Inflation may be under control
In its second bi-monthly monetary policy committee (MPC) meeting of financial year 2018-19, RBI on Wednesday decided to raise the repo rate by 25 basis points to 6.25 per cent. The reverse repo rate has also been raised by 25 basis points to 6 per cent. Keeping a neutral stance on the monetary policy, the MPC maintained its decision to hike the benchmark rates is in line with the objective to achieve 4 per cent (+/-2 per cent) retail inflation in the medium term. In its April policy meet, the MPC had decided to hold the repo rate at 6 per cent. This is the first time that RBI has hiked the repo rate since January 2014. RBI Governor Urjit Patel said the decision to hike the repo rate was taken in view of rising crude oil prices and HRA revision by various states that have pushed inflation up. Repo rate is the rate at which RBI lends money to banks. However, RBI retained the GDP growth for the financial year 2018-19 at 7.4 per cent. The RBI had last hiked the rates in January 2014. Since then, it has either reduced it or maintained status quo. Repo rate is an important tool to control inflationary trends. A higher repo rate will make borrowing expensive for banks, which in turn may charge higher interest rates on loans given to customers. Effective from June 1, leading banks SBI, PNB, and ICICI have already hiked their lending rates. The hike in repo rate which in turn will make the borrowings more expensive is likely to control the inflationary trends triggered by higher oil prices. A higher inflation rate is likely to affect the steady growth of the GDP, which grew by 7.7 per cent in the January-March quarter of 2017-18. As the major economic indicators suggest that the economy is on track and does not face any serious challenge, the rising fuel prices have the potential to seriously impact the steady and satisfactory growth of the GDP. The rising fuel prices can lead to an overall rise in prices across commodities and can shoot up the inflation. The hike in interest rates by banks could lead to slowing of the consumer demand and can offset the impact of higher oil prices on inflation. Since it last hiked the rates in January 2014, RBI had either reduced the repo rate or maintained a status quo. This helped the banks reduce their rates, which in turn meant that the capital and financial markets had enough cash to lend on lower rates. This policy was followed with a view to helping the businesses procure loans on lower rates and easy terms and help grow the economy, which grew satisfactorily by 6.8 per cent in 2017-18 and is pegged at growing by 7.5 per cent in 2018-19. A majority of the economists in a survey conducted by Bloomberg had forecast that RBI would hold the key rates. Though their forecast did not come true, they had argued that RBI is unlikely to hike the repo rate in view of the government's unwavering commitment to economic growth. As the government would not like the oil prices to play the spoilsport in an otherwise positive economic environment, even the RBI has realised that the side-effects of rising oil prices need to be addressed before it could seriously impact the economy.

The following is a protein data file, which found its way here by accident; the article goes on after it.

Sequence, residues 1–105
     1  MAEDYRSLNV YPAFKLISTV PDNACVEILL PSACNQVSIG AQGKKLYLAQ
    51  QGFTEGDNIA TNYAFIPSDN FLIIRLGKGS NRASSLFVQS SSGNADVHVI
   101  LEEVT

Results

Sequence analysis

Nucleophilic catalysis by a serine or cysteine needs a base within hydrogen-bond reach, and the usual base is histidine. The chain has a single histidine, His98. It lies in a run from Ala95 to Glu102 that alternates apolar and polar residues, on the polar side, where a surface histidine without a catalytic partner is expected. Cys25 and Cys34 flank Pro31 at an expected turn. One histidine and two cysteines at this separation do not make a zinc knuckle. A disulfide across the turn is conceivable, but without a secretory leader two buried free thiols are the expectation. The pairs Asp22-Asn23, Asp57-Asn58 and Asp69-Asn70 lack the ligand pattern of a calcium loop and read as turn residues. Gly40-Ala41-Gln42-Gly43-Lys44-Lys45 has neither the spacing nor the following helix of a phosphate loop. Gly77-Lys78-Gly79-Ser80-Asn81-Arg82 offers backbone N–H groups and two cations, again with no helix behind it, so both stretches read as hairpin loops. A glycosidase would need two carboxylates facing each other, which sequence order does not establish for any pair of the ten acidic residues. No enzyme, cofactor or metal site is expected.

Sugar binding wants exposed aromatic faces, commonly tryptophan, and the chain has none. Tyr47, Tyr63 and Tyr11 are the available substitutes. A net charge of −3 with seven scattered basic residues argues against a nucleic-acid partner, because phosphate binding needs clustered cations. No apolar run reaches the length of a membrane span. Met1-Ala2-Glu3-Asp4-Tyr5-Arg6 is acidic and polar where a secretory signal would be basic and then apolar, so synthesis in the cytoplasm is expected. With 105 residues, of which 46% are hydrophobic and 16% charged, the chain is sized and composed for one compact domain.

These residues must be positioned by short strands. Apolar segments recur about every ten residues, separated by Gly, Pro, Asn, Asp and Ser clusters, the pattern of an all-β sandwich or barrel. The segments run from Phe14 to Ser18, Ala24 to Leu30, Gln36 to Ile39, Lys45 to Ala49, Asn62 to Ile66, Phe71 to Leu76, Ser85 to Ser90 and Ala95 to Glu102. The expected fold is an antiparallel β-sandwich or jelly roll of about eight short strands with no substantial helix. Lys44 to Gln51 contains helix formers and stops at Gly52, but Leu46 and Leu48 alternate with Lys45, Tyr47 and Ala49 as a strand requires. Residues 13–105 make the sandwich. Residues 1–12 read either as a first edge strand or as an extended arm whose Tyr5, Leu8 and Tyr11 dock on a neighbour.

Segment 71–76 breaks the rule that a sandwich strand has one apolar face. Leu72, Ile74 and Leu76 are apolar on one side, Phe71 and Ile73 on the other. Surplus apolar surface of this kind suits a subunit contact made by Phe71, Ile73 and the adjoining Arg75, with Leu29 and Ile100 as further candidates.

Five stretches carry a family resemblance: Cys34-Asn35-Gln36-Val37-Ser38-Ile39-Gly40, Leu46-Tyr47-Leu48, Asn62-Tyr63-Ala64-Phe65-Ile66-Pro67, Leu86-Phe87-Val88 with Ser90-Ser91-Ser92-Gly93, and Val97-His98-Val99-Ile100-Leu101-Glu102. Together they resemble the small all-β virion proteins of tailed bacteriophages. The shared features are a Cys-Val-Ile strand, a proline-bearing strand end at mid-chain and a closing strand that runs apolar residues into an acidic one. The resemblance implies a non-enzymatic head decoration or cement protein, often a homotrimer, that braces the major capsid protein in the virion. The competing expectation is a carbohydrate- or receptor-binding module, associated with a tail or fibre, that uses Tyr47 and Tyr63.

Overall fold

As crucial elections are around the corner, the government can ill-afford to antagonise the people by not doing anything if the rising oil prices trigger a simultaneous rise in the prices of other commodities. Prime Minister Narendra Modi's government has benefitted a great deal from the conducive economic environment that prevailed in the last four years. During this period, the international oil prices hit a low and farm output was as per the target, thanks to a normal monsoon. Now that he is going to seek a fresh mandate from the people in the next year's Lok Sabha election, he is likely to stress that during his rule, the economy was successfully brought back on track, making the country world's fastest-growing major economy. But in a country where tomato and onion prices decide the fate of elections, the rising oil prices in an election year is a serious problem for the government as it has the potential to drive the prices up of most commodities. RBI decision to hike the repo rate by 25 basis points is a timely intervention to keep the inflation under control.